How Much Is Marble Backsplash?

Marble backsplashes can add elegance and visual interest to any kitchen. While natural stone like marble is more expensive than ceramic or glass backsplash tiles, many homeowners find it’s worth the investment for its beauty and durability. Here’s a closer look at how much a marble backsplash costs and what impacts the price.

What Impacts The Cost of A Marble Backsplash?

Several factors affect the total cost of a marble backsplash installation:

Type of Marble

  • Carrara marble – Quarried in Italy, this white/gray marble with elegant veining is the most popular for backsplashes. Costs $40-$100 per square foot installed.
  • Calacatta marble – Also from Italy, with dramatic gray & gold veining. Costs $70-$150 per square foot installed.
  • Statuario marble – Another Italian marble in white/gray with less veining. Costs $50-$120 per square foot installed.
  • Greek marble – White marble quarried in Greece. Costs $50-$100 per square foot installed.
  • Colored marble – Marble also comes in shades like gray, black, green, pink, etc. Costs $50-$150 per square foot installed.

Backsplash Size

  • The total square footage of your backsplash impacts total cost. Measure linear feet by height to determine square footage.
  • Most backsplashes range from 15-40 square feet. A small 15 square foot backsplash in Carrara marble might cost around $600-$1500 installed.

Custom Cutting and Shaping

  • Cutting marble tiles into specialty shapes (diagonals, curves, etc) costs extra.
  • Hand-polishing and shaping marble mosaic tiles also adds cost.

Labor Costs

  • Hiring a professional to install natural stone tiles costs $5-$10 per square foot.
  • Simple grid layouts are less expensive than intricate designs.

Other Expenses

  • Sealants, grout, adhesives, and backerboards add marginal costs too.

Cost Comparison of Marble vs Other Backsplash Materials

Here’s how marble backsplash costs compare to other backsplash tile materials:

  • Ceramic tile – $5-$20 per square foot, installed
  • Glass tile – $15-$50 per square foot installed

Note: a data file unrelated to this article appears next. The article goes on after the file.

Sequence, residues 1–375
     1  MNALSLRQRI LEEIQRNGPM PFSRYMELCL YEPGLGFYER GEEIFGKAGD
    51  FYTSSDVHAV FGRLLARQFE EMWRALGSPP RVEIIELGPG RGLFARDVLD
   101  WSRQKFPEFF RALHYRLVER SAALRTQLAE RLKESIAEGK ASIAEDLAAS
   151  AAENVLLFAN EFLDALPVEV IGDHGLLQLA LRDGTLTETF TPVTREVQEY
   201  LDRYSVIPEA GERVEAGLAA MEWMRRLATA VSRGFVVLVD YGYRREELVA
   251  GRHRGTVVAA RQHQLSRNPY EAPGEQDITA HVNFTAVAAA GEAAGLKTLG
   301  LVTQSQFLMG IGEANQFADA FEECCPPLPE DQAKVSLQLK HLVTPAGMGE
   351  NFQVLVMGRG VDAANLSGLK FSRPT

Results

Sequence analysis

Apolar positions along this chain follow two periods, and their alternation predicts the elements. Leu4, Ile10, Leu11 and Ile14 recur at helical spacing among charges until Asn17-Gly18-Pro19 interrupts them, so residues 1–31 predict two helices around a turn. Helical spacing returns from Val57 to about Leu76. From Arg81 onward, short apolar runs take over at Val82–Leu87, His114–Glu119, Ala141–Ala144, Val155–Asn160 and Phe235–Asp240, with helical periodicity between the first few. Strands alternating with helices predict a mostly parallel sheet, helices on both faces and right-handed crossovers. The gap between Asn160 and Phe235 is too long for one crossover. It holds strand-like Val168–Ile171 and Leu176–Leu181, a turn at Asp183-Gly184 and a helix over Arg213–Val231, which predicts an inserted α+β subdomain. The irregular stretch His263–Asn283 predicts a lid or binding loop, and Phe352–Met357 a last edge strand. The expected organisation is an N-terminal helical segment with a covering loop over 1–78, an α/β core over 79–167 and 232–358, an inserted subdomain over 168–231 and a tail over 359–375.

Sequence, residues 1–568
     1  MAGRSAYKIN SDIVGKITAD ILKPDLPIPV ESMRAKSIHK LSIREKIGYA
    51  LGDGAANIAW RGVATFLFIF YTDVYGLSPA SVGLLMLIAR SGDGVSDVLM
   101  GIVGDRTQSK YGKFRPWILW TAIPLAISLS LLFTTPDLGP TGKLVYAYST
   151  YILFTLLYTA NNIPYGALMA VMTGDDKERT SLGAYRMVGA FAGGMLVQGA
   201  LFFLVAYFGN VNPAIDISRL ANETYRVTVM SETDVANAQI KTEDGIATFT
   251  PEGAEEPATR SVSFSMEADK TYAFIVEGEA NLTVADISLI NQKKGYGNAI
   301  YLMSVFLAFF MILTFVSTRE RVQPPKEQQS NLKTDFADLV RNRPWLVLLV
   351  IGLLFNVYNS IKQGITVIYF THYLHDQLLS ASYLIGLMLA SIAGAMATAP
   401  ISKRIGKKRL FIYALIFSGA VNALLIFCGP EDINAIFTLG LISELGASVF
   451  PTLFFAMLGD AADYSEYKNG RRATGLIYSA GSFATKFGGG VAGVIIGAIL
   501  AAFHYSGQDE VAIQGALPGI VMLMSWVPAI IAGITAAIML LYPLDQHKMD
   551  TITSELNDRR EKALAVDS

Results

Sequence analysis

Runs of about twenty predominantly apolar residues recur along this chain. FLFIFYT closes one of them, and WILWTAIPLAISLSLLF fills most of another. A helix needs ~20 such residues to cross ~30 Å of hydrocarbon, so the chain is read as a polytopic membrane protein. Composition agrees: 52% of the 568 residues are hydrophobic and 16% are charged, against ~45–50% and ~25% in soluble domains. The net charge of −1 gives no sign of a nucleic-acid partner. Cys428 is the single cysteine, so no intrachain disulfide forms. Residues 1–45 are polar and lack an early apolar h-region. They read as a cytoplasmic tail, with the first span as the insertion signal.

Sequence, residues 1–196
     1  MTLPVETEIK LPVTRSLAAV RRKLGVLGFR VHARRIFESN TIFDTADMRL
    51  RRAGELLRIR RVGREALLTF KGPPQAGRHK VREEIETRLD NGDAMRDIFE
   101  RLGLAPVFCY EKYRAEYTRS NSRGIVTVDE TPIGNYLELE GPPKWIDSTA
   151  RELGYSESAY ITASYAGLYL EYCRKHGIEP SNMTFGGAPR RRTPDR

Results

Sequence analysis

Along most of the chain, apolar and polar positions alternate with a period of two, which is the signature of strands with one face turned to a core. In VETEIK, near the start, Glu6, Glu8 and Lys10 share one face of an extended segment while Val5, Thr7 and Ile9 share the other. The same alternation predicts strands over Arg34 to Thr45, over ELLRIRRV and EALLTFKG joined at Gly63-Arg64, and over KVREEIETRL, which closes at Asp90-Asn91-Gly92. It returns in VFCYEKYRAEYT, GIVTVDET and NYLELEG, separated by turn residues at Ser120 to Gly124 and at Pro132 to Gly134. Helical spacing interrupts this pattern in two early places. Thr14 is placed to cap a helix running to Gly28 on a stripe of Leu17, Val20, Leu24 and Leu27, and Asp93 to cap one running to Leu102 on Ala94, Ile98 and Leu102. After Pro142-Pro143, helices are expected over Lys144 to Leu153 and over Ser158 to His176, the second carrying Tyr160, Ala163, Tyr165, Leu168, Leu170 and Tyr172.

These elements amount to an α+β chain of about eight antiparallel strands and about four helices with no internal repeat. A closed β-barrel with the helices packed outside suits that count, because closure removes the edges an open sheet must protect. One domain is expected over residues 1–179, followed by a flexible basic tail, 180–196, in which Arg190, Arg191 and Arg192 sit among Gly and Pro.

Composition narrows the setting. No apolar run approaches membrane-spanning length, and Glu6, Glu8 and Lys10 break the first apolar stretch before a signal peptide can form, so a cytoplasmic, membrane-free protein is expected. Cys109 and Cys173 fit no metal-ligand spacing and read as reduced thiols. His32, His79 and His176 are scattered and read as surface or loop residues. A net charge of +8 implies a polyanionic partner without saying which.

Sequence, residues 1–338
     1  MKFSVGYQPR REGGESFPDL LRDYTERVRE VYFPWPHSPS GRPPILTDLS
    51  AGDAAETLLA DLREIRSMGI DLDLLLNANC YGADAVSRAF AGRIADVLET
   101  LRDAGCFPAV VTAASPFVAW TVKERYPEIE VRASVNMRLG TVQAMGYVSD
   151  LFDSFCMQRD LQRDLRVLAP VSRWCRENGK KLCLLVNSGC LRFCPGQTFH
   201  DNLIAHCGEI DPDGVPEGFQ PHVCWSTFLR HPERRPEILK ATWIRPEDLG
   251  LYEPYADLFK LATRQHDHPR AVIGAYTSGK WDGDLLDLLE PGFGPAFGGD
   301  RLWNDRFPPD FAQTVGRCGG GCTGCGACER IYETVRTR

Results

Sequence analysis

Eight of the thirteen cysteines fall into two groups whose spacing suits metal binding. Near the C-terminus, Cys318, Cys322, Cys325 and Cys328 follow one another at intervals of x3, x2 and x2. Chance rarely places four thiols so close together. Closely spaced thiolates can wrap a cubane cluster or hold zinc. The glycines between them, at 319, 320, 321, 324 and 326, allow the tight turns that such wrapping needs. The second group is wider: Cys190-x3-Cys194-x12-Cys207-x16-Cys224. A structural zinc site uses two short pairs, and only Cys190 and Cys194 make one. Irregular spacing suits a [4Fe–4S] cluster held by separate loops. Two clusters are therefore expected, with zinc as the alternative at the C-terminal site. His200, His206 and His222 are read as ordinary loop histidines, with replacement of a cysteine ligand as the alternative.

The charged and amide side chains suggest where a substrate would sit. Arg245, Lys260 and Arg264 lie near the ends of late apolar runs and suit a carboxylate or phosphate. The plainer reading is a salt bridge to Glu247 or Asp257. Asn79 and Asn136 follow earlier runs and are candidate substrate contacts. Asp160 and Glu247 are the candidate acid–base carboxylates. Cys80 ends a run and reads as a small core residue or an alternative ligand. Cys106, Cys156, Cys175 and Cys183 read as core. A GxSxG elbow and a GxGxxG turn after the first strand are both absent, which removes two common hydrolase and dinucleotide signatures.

• Metal tile – $15-$50 per square foot installed
  • Marble tile – $40-$150 per square foot installed
  • Granite tile – $35-$125 per square foot installed

So you can see marble backsplash tile falls on the higher end of the backsplash material spectrum. Granite tiles offer a more affordable natural stone look.

Is Marble Worth the Investment?

Despite the higher initial price, many homeowners find marble backsplashes worthwhile for several reasons:

Aesthetic Appeal

The elegance, luxury, and visual interest marble adds to a kitchen is unparalleled. The veining patterns and colors are entirely unique.


Marble is very hard and durable. Properly sealed, it can last decades with proper care.

Ease of Maintenance

Marble is relatively easy to clean. Just use mild soap and water. Re-sealing every 1-2 years will keep it looking like new.

Value Addition

Marble backsplashes add resale value and appeal to homes. They’re seen as a high-end custom feature.

Tips for Keeping Marble Backsplash Costs Down

If your budget is tight, here are some ways to reduce the overall investment in a marble backsplash:

  • Select a smaller installation area (4 feet high or less).
  • Use marble mosaic tiles rather than large marble tiles.
  • Opt for the most affordable marble varieties like Carrara or Greek marble.
  • Install it yourself if you have tiling experience.
  • Choose a simple grid layout, not a intricate design.
  • Shop sales and clearance for discounted marble tile.
  • Consider marble laminate or marble wallpaper for the look at a fraction of the cost.

The Bottom Line – Expect To Invest $100-$200 Per Sq Ft

In most cases, you can expect to pay in the range of $100-$200 per square foot for a professionally installed marble backsplash in your kitchen. The exact total cost depends on the type of marble, size of your backsplash, and complexity of the design and installation. With its timeless beauty and durability, a marble backsplash is a worthwhile investment for many kitchens.